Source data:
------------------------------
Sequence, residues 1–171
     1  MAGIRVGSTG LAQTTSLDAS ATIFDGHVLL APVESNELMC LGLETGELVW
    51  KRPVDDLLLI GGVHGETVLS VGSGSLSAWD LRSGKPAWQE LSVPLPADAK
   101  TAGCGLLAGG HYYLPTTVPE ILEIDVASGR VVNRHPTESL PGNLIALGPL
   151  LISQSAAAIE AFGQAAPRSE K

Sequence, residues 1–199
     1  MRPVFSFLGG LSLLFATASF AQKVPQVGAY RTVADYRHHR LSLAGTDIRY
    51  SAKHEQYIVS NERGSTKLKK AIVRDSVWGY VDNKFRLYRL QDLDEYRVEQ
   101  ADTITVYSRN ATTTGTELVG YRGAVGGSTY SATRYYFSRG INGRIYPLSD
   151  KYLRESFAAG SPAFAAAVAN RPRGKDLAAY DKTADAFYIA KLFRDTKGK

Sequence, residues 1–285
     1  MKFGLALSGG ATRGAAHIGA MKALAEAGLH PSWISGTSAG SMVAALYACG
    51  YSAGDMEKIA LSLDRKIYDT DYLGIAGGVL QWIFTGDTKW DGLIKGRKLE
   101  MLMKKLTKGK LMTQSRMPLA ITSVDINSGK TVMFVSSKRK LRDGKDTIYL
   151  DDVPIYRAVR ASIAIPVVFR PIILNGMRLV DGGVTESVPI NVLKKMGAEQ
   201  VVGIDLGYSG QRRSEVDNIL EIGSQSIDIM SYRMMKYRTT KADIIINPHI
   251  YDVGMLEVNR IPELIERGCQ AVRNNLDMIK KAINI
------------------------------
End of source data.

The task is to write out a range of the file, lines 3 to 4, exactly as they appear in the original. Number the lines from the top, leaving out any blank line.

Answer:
    51  KRPVDDLLLI GGVHGETVLS VGSGSLSAWD LRSGKPAWQE LSVPLPADAK
   101  TAGCGLLAGG HYYLPTTVPE ILEIDVASGR VVNRHPTESL PGNLIALGPL